Science in the Scottish Enlightenment
Science in the Scottish Enlightenment

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Science in the Scottish Enlightenment

6.3.1 Latent heat

The origins of Black's interest in the phenomenon of melting have been the subject of some debate. John Robison remarked, in his edition of Black's lectures, that Black had been struck by the simple fact that snow does not melt instantly on a sunny winter's day nor does a sharp night-time frost cause ponds to form thick layers of ice immediately (Robison, 1803, vol. 1, pp. xxxvi-xxxvii). It is now generally agreed, however, that Black's interest in heat arose from his study of the temperature changes which take place when salts dissolve in water. Some salts give out heat, while others produce cold, and these differences forced him to think about the more general question of aggregation and heat.

Several scholars, notably Henry Guerlac (1982, pp. 15–16), regard Black's reflections on the observation of supercooling by Daniel Fahrenheit (1686–1736) as the crucial factor. (Supercooling is the phenomenon whereby the temperature of undisturbed chilled water can fall below 32°F without freezing, but when the water is shaken, the thermometer rises to 32°F and remains there until all the water has frozen.) Arthur Donovan (1975, pp. 224–5) argues that Black would have perceived a link between the fixing of ‘air’ by quicklime and the fixing of heat (so that it is no longer registered by the thermometer) by ice.

However he came to the question of why ice does not melt immediately the temperature rises above freezing, Black's experimental programme is clear. If the temperature – as measured by a thermometer – does not change while the ice is melting, can we be sure that the thermometer bears any relationship to heat at all, and if the temperature does not change, how can we measure the quantity of heat taken up by the ice? Black was able to confirm that a mercury thermometer was a reasonably accurate record of heat changes when no change of state occurred, by mixing equal volumes of hot and cold water and assuming that the temperature of the mixture was the average of the initial temperatures.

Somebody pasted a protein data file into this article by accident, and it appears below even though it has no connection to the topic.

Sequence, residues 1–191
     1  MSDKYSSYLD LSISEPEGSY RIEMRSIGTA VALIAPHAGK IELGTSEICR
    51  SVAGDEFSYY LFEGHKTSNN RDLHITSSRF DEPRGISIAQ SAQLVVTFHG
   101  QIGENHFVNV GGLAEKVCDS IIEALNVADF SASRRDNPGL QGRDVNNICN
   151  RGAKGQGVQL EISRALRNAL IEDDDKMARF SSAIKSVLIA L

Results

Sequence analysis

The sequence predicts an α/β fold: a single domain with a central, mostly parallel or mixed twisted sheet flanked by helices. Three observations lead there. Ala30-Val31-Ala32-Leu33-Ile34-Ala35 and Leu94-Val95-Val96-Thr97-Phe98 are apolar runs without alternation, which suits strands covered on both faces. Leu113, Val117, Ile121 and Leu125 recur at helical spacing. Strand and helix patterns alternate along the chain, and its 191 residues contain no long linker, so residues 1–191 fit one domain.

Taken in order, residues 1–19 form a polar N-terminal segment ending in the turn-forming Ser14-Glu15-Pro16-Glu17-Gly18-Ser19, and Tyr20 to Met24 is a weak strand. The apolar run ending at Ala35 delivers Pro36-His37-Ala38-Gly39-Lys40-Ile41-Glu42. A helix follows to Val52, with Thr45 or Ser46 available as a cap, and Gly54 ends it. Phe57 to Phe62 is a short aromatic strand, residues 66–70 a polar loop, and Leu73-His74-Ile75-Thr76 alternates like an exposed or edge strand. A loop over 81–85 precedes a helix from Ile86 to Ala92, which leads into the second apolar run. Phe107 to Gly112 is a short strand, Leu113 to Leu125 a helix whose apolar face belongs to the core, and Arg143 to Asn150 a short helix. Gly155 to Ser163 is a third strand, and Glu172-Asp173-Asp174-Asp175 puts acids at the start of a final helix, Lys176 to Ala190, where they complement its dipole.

But how could the heat entering the melting ice be measured with the thermometer? Fortunately, Black recalled an experiment that a Scottish physician George Martine (1702–41) had published in 1740. He had put two thin glasses, one containing water and the other mercury, in front of a fire; if the fire is a steady one, the quantity of heat entering each vessel should be the same. Black adapted the idea by measuring the rise in temperature of water in one glass, while ice was melting in another one.

He had to wait for the winter to arrive so he could obtain the necessary ice, and the key experiment was made in December 1761. One glass contained water that had been frozen using a snow and salt mixture and the other held water that had been chilled to 33°F; the room temperature was 47°F. After half an hour, the water temperature had risen to 40°F, but the ice took ten and a half hours to reach the same temperature. Black calculated that the extra heat required to melt the ice – its latent heat – was equal to the heat required to raise the temperature of the water by 140°F. The term ‘latent heat’ was devised by Black from the Latin latet, ‘hidden’ (Robison, 1803, vol. 1, pp. xxxvii).

He then carried out a different experiment, which he later described as an ‘obvious method’ (Black, 1803, vol. 1, p. 122). He made a small block of ice, which was placed in hot water. Within a few seconds, the ice had melted and the temperature of the water had fallen from 190°F to 53°F. The ice, the mixture of melted ice and water, and the empty glass were all weighed. With this information, Black recalculated the latent heat of ice and the result this time was 143°F. The average was therefore 141.5°F, or 330 KJ/Kg in the modem SI system, close to the currently accepted value of 336 KJ/Kg.

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